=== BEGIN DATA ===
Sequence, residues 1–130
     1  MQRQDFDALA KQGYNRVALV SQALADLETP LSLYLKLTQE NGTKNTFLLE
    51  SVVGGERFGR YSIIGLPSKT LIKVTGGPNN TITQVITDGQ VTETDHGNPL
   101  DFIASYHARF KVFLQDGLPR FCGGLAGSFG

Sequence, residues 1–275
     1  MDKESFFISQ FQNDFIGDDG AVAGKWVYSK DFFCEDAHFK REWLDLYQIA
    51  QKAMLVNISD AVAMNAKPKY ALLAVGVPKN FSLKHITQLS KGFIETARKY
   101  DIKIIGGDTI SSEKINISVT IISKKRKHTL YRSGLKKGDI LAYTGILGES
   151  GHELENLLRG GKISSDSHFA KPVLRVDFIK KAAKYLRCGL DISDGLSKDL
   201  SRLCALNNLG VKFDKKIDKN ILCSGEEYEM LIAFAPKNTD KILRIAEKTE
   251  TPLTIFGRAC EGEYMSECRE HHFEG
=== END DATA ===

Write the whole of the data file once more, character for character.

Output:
Sequence, residues 1–130
     1  MQRQDFDALA KQGYNRVALV SQALADLETP LSLYLKLTQE NGTKNTFLLE
    51  SVVGGERFGR YSIIGLPSKT LIKVTGGPNN TITQVITDGQ VTETDHGNPL
   101  DFIASYHARF KVFLQDGLPR FCGGLAGSFG

Sequence, residues 1–275
     1  MDKESFFISQ FQNDFIGDDG AVAGKWVYSK DFFCEDAHFK REWLDLYQIA
    51  QKAMLVNISD AVAMNAKPKY ALLAVGVPKN FSLKHITQLS KGFIETARKY
   101  DIKIIGGDTI SSEKINISVT IISKKRKHTL YRSGLKKGDI LAYTGILGES
   151  GHELENLLRG GKISSDSHFA KPVLRVDFIK KAAKYLRCGL DISDGLSKDL
   201  SRLCALNNLG VKFDKKIDKN ILCSGEEYEM LIAFAPKNTD KILRIAEKTE
   251  TPLTIFGRAC EGEYMSECRE HHFEG